APhA Publishes New Diabetes Care Casebook for Pharmacists
Advancing roles for pharmacists providing diabetes care requires application of knowledge and skills, problem solving, and working on interprofessional teams.
WASHINGTON, DC — Advancing roles for pharmacists providing diabetes care requires application of knowledge and skills, problem solving, and working on interprofessional teams. Student pharmacists and practitioners need practice opportunities to apply their knowledge in case simulations.
A new casebook, Diabetes Case Studies (with Interprofessional Perspectives), will be available exclusively in APhA’s online subscription platform, PharmacyLibrary (www.pharmacylibrary.com), beginning June 1, 2015. It provides teaching faculty and practitioners a rich source of case studies that focus on actual patients and provide longitudinal follow-up of patients. In addition, the casebook integrates perspectives from other health care providers who are team members, helping to broaden readers’ perspectives on how all members of the team can positively affect their patients’ health outcomes.
The book features 12 real-world cases of patients with various diabetes situations and problems, incorporating an interprofessional perspective. The cases follow a consistent framework, using an approach adapted from the APhA textbook, Handbook of Nonprescription Drugs. Cases include eight thorough self-assessment questions for students and a detailed answer key for faculty. The cases follow a uniform format with objectives, required readings, key summary points, and supplemental resources. Faculty at institutions that subscribe to PharmacyLibrary also receive access to sample test questions and answers for each case (29 questions in all).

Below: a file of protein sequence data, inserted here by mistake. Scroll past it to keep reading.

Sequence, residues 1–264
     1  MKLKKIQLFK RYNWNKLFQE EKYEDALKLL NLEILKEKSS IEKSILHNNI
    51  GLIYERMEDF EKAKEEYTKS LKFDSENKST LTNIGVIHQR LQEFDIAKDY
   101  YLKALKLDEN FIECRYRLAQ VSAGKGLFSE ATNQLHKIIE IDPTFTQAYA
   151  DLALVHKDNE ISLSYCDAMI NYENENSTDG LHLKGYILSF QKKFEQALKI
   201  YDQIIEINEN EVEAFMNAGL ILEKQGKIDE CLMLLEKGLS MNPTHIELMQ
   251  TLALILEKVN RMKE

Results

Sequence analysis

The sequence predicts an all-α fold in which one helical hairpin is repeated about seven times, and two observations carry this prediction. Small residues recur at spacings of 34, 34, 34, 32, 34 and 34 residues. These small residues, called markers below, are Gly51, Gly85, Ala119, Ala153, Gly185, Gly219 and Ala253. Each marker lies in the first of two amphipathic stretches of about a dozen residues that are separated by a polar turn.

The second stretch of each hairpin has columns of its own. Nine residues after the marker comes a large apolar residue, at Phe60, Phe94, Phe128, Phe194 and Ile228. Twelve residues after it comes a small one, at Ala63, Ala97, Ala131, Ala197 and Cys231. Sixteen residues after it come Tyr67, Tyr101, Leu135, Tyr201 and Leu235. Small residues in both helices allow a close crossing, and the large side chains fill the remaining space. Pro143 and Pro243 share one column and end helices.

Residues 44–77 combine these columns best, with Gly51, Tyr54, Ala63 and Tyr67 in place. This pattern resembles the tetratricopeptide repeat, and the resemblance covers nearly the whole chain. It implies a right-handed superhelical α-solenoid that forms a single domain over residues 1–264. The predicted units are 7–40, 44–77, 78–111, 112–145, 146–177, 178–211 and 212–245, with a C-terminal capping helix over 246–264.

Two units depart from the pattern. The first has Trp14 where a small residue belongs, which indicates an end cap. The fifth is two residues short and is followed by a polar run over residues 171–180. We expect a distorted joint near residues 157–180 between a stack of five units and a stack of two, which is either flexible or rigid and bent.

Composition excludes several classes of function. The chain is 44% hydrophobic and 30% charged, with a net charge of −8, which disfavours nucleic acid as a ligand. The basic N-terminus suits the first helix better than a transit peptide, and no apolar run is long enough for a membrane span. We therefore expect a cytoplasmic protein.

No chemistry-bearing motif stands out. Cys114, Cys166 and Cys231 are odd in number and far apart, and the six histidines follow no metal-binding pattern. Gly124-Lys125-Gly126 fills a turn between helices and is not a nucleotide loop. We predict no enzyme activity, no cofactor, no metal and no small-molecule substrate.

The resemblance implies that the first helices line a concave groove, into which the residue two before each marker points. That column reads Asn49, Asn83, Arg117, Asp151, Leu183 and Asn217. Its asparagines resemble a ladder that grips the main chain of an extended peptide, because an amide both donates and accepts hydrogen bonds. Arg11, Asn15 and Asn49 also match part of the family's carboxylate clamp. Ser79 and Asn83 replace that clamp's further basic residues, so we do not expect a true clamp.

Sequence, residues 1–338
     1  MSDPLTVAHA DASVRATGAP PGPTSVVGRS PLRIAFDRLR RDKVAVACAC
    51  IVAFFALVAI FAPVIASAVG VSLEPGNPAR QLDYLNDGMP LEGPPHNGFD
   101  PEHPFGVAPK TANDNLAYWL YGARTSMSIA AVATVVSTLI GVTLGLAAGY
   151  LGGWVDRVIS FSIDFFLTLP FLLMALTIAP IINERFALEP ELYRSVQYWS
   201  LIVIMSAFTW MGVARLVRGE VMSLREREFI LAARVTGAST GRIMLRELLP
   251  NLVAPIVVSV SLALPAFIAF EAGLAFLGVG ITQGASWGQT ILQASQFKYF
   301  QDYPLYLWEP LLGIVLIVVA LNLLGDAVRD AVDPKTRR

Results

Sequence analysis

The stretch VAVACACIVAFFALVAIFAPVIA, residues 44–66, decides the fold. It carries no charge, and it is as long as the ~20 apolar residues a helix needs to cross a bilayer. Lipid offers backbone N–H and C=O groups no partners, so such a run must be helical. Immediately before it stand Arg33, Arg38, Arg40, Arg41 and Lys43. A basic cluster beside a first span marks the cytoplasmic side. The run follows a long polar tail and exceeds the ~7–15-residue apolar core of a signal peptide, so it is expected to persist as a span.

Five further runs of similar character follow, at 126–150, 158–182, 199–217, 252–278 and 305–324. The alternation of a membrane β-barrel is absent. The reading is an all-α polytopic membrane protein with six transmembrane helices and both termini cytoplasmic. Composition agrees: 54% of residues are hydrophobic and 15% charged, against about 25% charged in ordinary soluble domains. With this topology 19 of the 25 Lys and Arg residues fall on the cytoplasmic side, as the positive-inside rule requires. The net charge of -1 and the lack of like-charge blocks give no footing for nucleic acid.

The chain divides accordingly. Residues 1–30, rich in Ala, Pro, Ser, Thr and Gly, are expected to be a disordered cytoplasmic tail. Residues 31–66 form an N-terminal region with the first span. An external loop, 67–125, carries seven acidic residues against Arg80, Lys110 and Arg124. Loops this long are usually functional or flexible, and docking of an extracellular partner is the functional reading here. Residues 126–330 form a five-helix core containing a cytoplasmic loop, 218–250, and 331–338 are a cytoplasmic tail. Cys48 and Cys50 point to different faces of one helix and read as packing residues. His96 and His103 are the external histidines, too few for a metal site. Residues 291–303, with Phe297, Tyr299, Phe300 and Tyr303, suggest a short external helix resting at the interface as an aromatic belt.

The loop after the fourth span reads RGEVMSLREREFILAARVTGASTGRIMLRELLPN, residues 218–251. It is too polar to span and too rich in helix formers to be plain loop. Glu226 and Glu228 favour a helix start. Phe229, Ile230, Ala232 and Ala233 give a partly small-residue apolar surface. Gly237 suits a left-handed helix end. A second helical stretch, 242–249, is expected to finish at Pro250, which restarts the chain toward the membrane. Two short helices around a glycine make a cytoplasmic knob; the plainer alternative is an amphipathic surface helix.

June Felice Johnson, PharmD, is the primary author. Johnson is professor of pharmacy practice at Drake University College of Pharmacy and Health Sciences, Des Moines, IA. She precepts Drake’s diabetes concentration students on rotations at Camp Hertko Hollow diabetes camp and at the Iowa Diabetes and Endocrinology Research Center. Four colleagues outside the pharmacy field contributed to the cases: Marjorie Cypress, RN, PhD, CDE, Albuquerque Health Partners, Albuquerque, NM; Alison B. Evert, MS, RD, CDE, Coordinator, Diabetes Education Programs, University of Washington Medical Center, Endocrine and Diabetes Care Center, Seattle, WA; Jodi Lavin-Tompkins, RN, MSN, CDE, Diabetes Education Program Manager; and Linda Siminerio, RN, PhD, CDE, Executive Director, University of Pittsburgh Diabetes Institute, Pittsburgh, PA.
PharmacyLibrary features some of APhA’s leading resources—authoritative textbooks, experiential education resources, NAPLEX review, active learning exercises, case studies—all in one comprehensive, searchable platform. Both institutional and individual subscriptions to PharmacyLibrary are available. For more information, visit www.pharmacylibrary.com.
About the American Pharmacists Association
The American Pharmacists Association, founded in 1852 as the American Pharmaceutical Association, is a 501 (c)(6) organization, representing more than 62,000 practicing pharmacists, pharmaceutical scientists, student pharmacists, pharmacy technicians and others interested in advancing the profession. APhA, dedicated to helping all pharmacists improve medication use and advance patient care, is the first-established and largest association of pharmacists in the United States. For more information, please visit www.pharmacist.com.